“Without wood a fire goes out; without a gossip a quarrel dies down.” (Proverbs 26:20) You have likely heard the expression, “There is no fire without a spark.” Something causes these fires. According to www.borealforest.org, forest fires are either naturally caused or humanly caused. Natural fires are commonly started by lightning, and human-caused fires are usually triggered by several reasons, including smoking, recreation, equipment, and “miscellaneous.” Human-caused fires constitute the higher percentage of forest fires, but natural fires constitute the more significant majority of the total area burned. The reason for this is that human-caused fires are usually detected early and are typically contained easily. In comparison, natural fires can burn for hours before being seen. “Human-caused” fires appear to be caused by carelessness or not tending to a critical malfunction. I wonder, if people were more careful, paid more attention to surroundings, and regularly checked to ensure everything was running smoothly if there would be a significant decrease in the number of fires. I cannot help but think of the analogy of “putting out fires at work.” If we were consistently more careful with what we said and how we said it, paid more attention to the people around us and were more sensitive to what was being done around us if we could prevent sparking an offensive, damaging, and unproductive reaction or situation. As per forest fires, there are many things that we can be doing to prevent having to “put out fires at work.” There will be, however, situations we may not be able to foresee or control. COVID 19 would be one example. It has caused many unusual circumstances and numerous extensive disruptions, and we have felt we were running from one new situation to the next. A sudden change in regulation or legislation would also cause a business to be putting out unforeseen fires of employee anxiety and urgent policy changes. However, human errors can ignite disorganization, last-minute situations, and continued stress leading to wasted energy and resources spent putting out these fires. And, these are the fires that can often be prevented. The issue is to determine what sparks them. And miscommunication is a familiar spark. Miscommunication can often spark circumstances where things need to be dealt with quickly to not get out of control. If you look back and thoroughly analyze an intense situation, you may see that poor communication is a common cause. Last week, I had a case at work when someone was accused of poorly handling a situation. This triggered a response of “needing to put out a fire,” so it did not escalate. Although I needed to deal with how a person was treated, I also needed to determine why things were said. As I spoke to others involved (which took their time and mine from other scheduled duties), I could see that a miscommunication several months ago was the spark for this heated response. If this had been clearly communicated earlier and followed up, then this” “fire may not have occurred. This did not excuse how someone was spoken to, but I could see why it happened and wanted to prevent a similar circumstance from occurring again. In this situation, following up with this schedule change would have likely prevented this. If poor communication is sparking ongoing disagreements that need to be resolved, hurt feelings that need to be addressed, or repeated discussions on how something is not up to standards, it is time to review your communication strategy. Consider the following eight practical approaches that will help to prevent wasted time putting out fires caused by a lack of communication or misunderstandings in communication:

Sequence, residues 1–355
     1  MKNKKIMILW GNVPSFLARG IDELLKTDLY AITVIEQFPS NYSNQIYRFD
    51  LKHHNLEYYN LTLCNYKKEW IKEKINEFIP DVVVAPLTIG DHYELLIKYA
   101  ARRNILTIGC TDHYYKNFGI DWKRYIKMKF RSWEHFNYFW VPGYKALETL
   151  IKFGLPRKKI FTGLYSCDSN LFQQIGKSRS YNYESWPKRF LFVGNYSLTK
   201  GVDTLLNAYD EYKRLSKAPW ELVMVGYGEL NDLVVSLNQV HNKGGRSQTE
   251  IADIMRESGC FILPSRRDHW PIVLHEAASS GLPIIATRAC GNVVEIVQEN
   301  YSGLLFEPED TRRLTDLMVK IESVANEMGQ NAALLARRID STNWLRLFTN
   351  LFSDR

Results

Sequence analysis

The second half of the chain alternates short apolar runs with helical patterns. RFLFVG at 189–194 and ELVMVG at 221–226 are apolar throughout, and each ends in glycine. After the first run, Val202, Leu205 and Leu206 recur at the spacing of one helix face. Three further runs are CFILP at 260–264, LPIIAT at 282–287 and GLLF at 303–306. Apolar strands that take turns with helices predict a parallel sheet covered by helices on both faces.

Are you holding regular staff meetings to ensure everyone is aware of new policies and procedures? If some people cannot attend, then make sure you are recording the session to send to them and/or sending out minutes of the meeting.